A diversity of voices and cultures (reporters, editors, etc.) from within the organization with non-binding input from our online users, led by a supervising editor or editors, from both print and online when possible. If no one in-house is qualified to address issues relating to a particular ethnic, cultural or religious group, advice should be solicited from other sources.

Journalistic Integrity and Commercial Pressures

        The proliferation of electronic online media and the inherent commercial pressures obligate news organizations to reassert journalistic standards. We understand that the technology of the New Media is evolving at a rapid pace and that, as a result of this, new advertising models, including tracking technologies, are being drawn and will continue to evolve. Therefore, we recommend that editorial content and reader privacy should be protected from intrusion in the following ways.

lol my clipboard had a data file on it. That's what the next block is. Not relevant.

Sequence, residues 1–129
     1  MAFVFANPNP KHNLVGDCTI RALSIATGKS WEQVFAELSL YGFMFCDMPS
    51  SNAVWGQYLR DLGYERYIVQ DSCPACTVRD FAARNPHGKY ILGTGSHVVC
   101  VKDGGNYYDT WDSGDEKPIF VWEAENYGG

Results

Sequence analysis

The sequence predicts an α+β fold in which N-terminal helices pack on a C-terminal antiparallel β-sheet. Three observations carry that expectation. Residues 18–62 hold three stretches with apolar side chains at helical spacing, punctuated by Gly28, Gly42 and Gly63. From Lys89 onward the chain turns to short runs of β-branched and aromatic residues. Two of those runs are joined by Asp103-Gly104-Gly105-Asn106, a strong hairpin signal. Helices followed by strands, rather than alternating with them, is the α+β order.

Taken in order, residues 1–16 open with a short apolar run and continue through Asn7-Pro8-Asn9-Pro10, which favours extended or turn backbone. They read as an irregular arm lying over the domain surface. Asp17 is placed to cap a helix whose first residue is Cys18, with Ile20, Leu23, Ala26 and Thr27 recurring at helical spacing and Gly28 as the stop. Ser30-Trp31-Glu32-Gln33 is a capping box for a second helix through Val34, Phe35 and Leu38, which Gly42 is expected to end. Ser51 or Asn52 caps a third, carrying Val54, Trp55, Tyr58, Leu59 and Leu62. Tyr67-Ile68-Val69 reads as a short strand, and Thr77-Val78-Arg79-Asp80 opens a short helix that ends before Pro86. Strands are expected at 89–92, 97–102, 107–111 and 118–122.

Advertising Challenges

        The audience will be able to clearly distinguish between editorial content and advertising, including advertorials and other advertising models as they emerge in this new medium. Advertising will not dictate news content or presentation, nor will new technologies blur the traditional distinctions between independent and paid content.
        Repackaging of editorial content will not compromise the integrity of the news product. All source material, including material from advertising supplements, will be fully identified; any editing or technological enhancements that change the nature of the original product will be noted so as not to deceive the audience.